Sunday, December 16, 2018

Sci-Fi Landing Pad and Shelters

This is a sci-fi terrain project that I completed a few weeks ago - a landing pad with elevator access and a trio of shelters. The goal was for a set of buildings that would fit a variety of themes and backgrounds. Anything from a military outpost to a industrial site to a colony could make use of a landing pad. The shelters likewise could represent any general purpose building. The overall appearance of these terrain pieces are intended to be generic. They would not look too out of place in Star Wars, Star Trek, or most other space opera settings.



Finished landing pad and shelters. 15mm ARC Fleet troopers for scale.

All parts were from a pair of Hexagon Construction Sets from Pegasus Hobbies. My understanding is that the sets are scaled for 25mm, but they fit well with 15mm figures. I played around with these sets in a couple of posts from before my gaming interregnum, including a previous version of the landing pad and a missile silo concept. The final version of the landing pad replaces the rather flimsy ramp of the concept version with an elevator shaft. The doorways of the landing pad elevator and the shelters feature covered areas for additional protection from hostile environments. These porches were added to give the buildings a little more character and to make the locations of the doorways more obvious during play.

Construction Stage: This basically consisted of test-fitting various configurations until I found the ones I most liked. This stage actually benefited from my time away from tabletop gaming - I took these pieces out whenever I was bored and these versions slowly evolved. For example, the shelters were originally more squared off, but the "space quonset hut" developed as I played around with different configurations. I considered reinforcing the clips used to hold the parts together with glue, but rejected the idea as not worth the trouble.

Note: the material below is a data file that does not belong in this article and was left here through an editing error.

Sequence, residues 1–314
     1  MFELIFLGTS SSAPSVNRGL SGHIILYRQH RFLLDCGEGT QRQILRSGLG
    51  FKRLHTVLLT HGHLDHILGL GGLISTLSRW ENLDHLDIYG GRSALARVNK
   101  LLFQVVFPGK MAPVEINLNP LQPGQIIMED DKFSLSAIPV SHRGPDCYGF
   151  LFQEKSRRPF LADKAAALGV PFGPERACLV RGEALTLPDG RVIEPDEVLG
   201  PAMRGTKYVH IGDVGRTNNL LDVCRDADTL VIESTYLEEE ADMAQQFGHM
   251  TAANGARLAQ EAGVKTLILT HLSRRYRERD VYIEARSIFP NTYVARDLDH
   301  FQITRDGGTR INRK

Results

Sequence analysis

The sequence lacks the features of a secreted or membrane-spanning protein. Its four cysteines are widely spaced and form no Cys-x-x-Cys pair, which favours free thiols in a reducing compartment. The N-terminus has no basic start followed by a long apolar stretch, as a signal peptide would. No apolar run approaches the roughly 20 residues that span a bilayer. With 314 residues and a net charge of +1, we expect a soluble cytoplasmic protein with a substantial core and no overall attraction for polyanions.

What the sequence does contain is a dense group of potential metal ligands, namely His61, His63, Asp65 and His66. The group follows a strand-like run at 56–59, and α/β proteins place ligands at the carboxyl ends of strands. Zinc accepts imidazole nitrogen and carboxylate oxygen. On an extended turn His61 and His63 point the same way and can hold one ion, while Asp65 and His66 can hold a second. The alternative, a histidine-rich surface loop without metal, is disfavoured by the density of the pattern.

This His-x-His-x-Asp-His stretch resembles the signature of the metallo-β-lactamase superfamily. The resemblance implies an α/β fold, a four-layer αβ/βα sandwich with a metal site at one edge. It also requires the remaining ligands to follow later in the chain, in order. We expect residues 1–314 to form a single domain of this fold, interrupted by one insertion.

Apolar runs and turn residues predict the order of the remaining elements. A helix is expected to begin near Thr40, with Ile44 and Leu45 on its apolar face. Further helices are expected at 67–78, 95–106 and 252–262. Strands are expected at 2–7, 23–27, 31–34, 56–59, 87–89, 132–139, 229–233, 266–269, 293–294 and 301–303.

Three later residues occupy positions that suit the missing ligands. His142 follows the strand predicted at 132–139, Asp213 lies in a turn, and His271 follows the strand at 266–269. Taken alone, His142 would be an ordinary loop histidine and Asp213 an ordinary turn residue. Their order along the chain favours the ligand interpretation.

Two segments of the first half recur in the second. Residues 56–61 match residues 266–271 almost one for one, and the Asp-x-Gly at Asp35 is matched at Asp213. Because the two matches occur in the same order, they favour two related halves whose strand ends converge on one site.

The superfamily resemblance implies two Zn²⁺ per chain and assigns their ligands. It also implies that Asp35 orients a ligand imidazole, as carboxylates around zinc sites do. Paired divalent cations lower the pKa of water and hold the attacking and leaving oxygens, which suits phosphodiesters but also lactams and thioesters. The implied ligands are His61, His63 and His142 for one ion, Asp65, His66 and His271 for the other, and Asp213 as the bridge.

Primer Stage: I used two layers for priming. A dark gray spray primer to the underside and a light gray primer sprayed at an angle to the top. This was intended to simulate shading from an overhead light source.

Base coat only. Note how flat the color appears.

Base Coat Stage: A couple of thin layers of Krylon ColorMaster Paint+Primer Iris Satin. I left a little dark gray primer showing on the underside areas to simulate shading.

After both layers of dry brushing.

Dry Brush Stage: Two layers - one a light blue and a thinner layer in pure white. This brought out the raised details like the rivets.

Detailing Stage: Gold and Silver Metallic Sharpies were used on some of the raised details to break up the blue base color. This was my first experience using Sharpies on a terrain or miniature project. Using Sharpies seemed more precise than a brush for these kinds of small details. Even so, I did manage to get some metallic color in areas that I did not want it in. This was easily fixed with a little blue paint.

Rear view of one of the shelters after detailing and wash layer.

Wash Stage: A mix of Liquitex Soft body in Payne’s Gray, Liquitex Matte Medium, and water was applied in two layers - one to the underside and one to the top. The wash was applied in heavy layers. I used a sponge to remove any excess wash and prevent pooling on the flat surfaces. The wash brought out the recessed details, evened out the overall color of the pieces (the dry brushing was a little uneven in areas), contribute to a more weather appearance, and - most importantly - to hide minor errors from earlier stages.

I’m looking forward to putting these pieces on the tabletop!

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